We understand that there is no ‘one size fits all’ with EY practitioners and that you are working in a variety of settings with very different cohorts of children. For that reason, we have created a selection of planning formats for you to choose from. They provide planning examples for Phases One and beyond. One element in particular that we believe is unique to our planning formats is the opportunity to note the elements of Phase One that will be followed through the Reception year, regardless of which Phase the children are working within. It is so important that the aspects of Phase One are continued throughout all phases to really ensure they are firmly embedded in the children’s learning.
We hope you are going to love the resources and find them inspirational and easy to use. The first set of cards and activities are available, for no extra charge, as part of your PA PLUS subscription.
Visit pa-plus.online to access the resources.
Additional activity cards will be available to purchase from the Herts for Learning online shop from November, with further releases scheduled for the spring and summer terms, 2018. shop.hertsforlearning.co.uk
In addition to the Supersonic Phonics resources, here are some ‘top tips’ for teaching phonics…
- Keep your phonics teaching lively and active. Children learn best by ‘doing’ and being physically active rather than by sitting still and listening. With practitioners using our activity cards, the children will have experiences that they will remember well because they have enjoyed them as they were both energetic and dynamic!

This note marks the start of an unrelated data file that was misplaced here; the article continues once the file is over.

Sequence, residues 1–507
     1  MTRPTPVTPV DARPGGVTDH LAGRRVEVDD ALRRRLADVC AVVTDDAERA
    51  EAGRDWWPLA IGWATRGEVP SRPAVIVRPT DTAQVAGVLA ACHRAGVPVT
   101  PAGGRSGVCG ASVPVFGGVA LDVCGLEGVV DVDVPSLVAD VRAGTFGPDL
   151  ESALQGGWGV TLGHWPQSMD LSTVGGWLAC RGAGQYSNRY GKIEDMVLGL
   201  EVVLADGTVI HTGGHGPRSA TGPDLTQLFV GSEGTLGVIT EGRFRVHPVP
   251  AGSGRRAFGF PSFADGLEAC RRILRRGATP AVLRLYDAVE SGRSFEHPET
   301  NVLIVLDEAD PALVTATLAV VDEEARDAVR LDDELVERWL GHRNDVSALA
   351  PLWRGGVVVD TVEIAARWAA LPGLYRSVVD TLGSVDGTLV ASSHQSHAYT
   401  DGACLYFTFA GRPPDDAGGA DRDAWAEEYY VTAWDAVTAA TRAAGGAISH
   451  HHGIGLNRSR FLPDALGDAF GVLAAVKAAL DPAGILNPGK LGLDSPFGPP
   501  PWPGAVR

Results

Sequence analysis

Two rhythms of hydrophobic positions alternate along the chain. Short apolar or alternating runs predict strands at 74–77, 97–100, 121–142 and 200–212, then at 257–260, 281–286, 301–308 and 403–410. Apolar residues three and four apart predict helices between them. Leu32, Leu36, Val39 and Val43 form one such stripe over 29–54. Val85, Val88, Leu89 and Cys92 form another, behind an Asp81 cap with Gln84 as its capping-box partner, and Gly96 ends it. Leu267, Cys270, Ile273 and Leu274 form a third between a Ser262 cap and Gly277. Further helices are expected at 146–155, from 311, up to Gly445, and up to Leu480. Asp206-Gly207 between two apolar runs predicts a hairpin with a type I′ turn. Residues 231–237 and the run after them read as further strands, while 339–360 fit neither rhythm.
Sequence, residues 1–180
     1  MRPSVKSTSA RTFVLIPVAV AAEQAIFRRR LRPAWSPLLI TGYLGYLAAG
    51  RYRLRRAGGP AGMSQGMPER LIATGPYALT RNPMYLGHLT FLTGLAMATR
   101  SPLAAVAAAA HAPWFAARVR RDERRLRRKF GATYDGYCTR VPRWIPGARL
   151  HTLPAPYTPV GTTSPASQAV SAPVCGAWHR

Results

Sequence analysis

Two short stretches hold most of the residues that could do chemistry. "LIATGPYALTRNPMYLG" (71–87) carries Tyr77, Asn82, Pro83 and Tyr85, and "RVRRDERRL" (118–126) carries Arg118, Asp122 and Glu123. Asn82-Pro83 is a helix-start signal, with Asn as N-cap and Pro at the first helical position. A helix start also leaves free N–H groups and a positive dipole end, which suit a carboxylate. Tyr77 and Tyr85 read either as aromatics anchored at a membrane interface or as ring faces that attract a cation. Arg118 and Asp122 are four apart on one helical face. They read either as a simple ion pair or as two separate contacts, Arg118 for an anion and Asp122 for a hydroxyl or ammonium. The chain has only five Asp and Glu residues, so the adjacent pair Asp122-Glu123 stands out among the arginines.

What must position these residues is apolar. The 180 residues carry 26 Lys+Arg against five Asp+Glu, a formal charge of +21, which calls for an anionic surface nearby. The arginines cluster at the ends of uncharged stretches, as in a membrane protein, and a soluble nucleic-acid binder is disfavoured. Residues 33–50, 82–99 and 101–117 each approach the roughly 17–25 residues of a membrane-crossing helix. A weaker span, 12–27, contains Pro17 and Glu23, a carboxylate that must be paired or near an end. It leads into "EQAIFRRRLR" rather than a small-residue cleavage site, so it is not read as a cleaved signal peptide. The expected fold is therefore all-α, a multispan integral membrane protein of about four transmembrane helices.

- Remember to use your outdoor learning environment to enhance your phonic teaching – whatever the weather. Imagine writing graphemes in frost or snow with a stick?!
- Ensure everyone uses the correct sounds consistently and that they are ‘soft’ sounds as this will make blending the sounds much simpler. Saying ‘mmmmm’ instead of ‘muh’ for example, or ‘sssssss’ rather than ‘suh’.
- Make sure that parents are aware of how to support their children’s phonic development at home through meetings, workshops and social media. The impact of home learning is huge so encourage parental engagement from the outset to establish excellent learning behaviours from the start.
- Provide simple resources for games that can be replicated in the home. Sharing the ideas from the activity cards will help. The activities are all resourced using ‘easy to source’ and cheap or recyclable materials.
- Don’t forget that your EYPP/G funding can be used to ensure that disadvantaged children are supported to close the attainment gap.
- Consider investing in training all staff members so that they have the skills to take small groups or lead interventions.
- Remember to leave the resources for the children to access during Child Initiated Learning. You will be able to observe them embedding their learning and that is one of the real pleasures of being an Early Years practitioner!
Herts for Learning is a not for profit organisation that provides a wide range of training and CPD courses, events and conferences to support teachers and school staff in their professional development and also offers an extensive range of resources to support their offering through the HfL e-Shop. Please visit the website for more information.